Clinical Rheumatology

, Volume 29, Issue 12, pp 1403–1412 | Cite as

Abnormal overexpression of mastocytes in skin biopsies of fibromyalgia patients

  • Ignacio Blanco
  • Nana Béritze
  • Mario Argüelles
  • Victoriano Cárcaba
  • Fernando Fernández
  • Sabina Janciauskiene
  • Katerina Oikonomopoulou
  • Frederick J. de Serres
  • Enrique Fernández-Bustillo
  • Morley D. Hollenberg
Original Article


Formalin-fixed, paraffin-embedded skin tissue sections were collected from a matched cohort of 63 fibromyalgia syndrome (FMS) patients and 49 volunteers from the general population with both alpha1-antitrypsin (AAT) normal and deficiency variants. These tissues were examined for the expression of the broad-spectrum inhibitor AAT, the serine proteinases elastase and tryptase, the proinflammatory cytokines MCP-1 and TNFα, the endothelium biomarker VEGF, and the inflammation/nociception-related receptor PAR2. The most relevant finding of the study was a significantly increased number of mast cells (MCs) in the papillary dermis of all FMS patients (greater than or equal to five to 14 per microscopic high power field) compared to zero to one in controls (p < 0.001). MCs strongly stained with tryptase, AAT and PAR2 antibodies, exhibited a spindle-like shape and were uniformly distributed around blood vessels and appendages. MCP-1 and VEGF expressed weak/moderate positivity in most samples, with a higher expression in controls than in FMS patients (p < 0.001 and 0.051, respectively). No differences in elastase and TNFα were found between both groups. Moreover, no histological differences were found between samples from AAT deficiency and normal AAT phenotypes. Our results indicate that FMS is a MC-associated condition. MCs are present in skin and mucosal surfaces throughout the human body, and are easily stimulated by a number of physical, psychological, and chemical triggers to degranulate, releasing several proinflammatory products which are able to generate nervous peripheral stimuli causing CNS hypersensitivity, local, and systemic symptoms. Our findings open new avenues of research on FMS mechanisms and will benefit the diagnosis of patients and the development of therapeutics.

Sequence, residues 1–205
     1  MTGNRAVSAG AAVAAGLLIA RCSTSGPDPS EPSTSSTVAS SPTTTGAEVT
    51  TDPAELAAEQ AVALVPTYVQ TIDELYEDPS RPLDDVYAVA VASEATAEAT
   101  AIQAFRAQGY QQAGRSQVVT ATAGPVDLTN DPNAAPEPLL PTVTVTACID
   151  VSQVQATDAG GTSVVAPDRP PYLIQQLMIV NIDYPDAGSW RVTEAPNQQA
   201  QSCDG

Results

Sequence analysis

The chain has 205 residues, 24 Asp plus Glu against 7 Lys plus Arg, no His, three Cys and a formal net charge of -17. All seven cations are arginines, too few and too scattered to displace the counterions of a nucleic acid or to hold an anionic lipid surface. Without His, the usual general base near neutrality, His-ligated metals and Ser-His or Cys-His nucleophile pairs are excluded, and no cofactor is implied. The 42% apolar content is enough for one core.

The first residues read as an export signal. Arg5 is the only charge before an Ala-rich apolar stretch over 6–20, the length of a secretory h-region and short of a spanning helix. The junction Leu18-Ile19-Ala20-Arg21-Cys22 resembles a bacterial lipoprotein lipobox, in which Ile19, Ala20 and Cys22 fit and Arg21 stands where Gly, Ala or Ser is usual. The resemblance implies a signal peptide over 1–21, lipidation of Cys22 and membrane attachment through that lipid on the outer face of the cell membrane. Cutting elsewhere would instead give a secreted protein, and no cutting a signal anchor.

Alpha 1-antitrypsin Fibromyalgia Mast cell Skin biopsy Tryptase 



We would like to thank every patient and volunteer who participated in this study, providing us with their clinical data and biopsy samples. We also acknowledge the technical work for the preparation of the paraffin-embedded tissues samples by Dr. Francisco Domínguez and laboratory technicians at the Valle del Nalón Hospital, Asturias, Spain; and the immunohistochemical work performed by Ms. Mercedes Acha (Cabueñes Hospital, Gijón, Spain). Furthermore, we are indebted to Dr. Eleftherios P. Diamandis (Mount Sinai Hospital, Toronto) for sharing vital reagents and ideas for the completion of this work. Finally, we are grateful to Ms. Jimena Blanco Fueyo (UNESCO; MA/BA Université de Genève) for the English editing of this manuscript. This study has been endorsed by the Spanish National Health Institute Carlos III and the Biohealth Research Office (OIB) of the Principado de Asturias, Spain (IB and VC). KO is a recipient of an Alberta Heritage Foundation for Medical Research (AHFMR) Postdoctoral Fellowship for whom operating funds were provided by a grant to MDH by the Canadian Institutes of Health Research.




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Copyright information

© Clinical Rheumatology 2010

Authors and Affiliations

  • Ignacio Blanco
    • 1
  • Nana Béritze
    • 2
  • Mario Argüelles
    • 2
  • Victoriano Cárcaba
    • 1
  • Fernando Fernández
    • 3
  • Sabina Janciauskiene
    • 4
  • Katerina Oikonomopoulou
    • 5
    • 6
  • Frederick J. de Serres
    • 7
  • Enrique Fernández-Bustillo
    • 8
  • Morley D. Hollenberg
    • 9
  1. 1.Department of Internal MedicineValle del Nalón HospitalLangreoSpain
  2. 2.Department of PathologyCabueñes HospitalGijónSpain
  3. 3.Department of SurgeryValle del Nalón HospitalLangreoSpain
  4. 4.Department of Respiratory MedicineHannover Medical SchoolHannoverGermany
  5. 5.Department of Physiology & PharmacologyUniversity of CalgaryCalgaryCanada
  6. 6.Department of MedicineUniversity of CalgaryCalgaryCanada
  7. 7.Center for the Evaluation of Risks to Human ReproductionNational Institute of Environmental Health SciencesResearch Triangle ParkUSA
  8. 8.Biostatistics UnitCentral University Hospital of AsturiasOviedoSpain
  9. 9.Department of Physiology & PharmacologyMedicine University of Calgary Faculty of Medicine CalgaryCalgaryCanada

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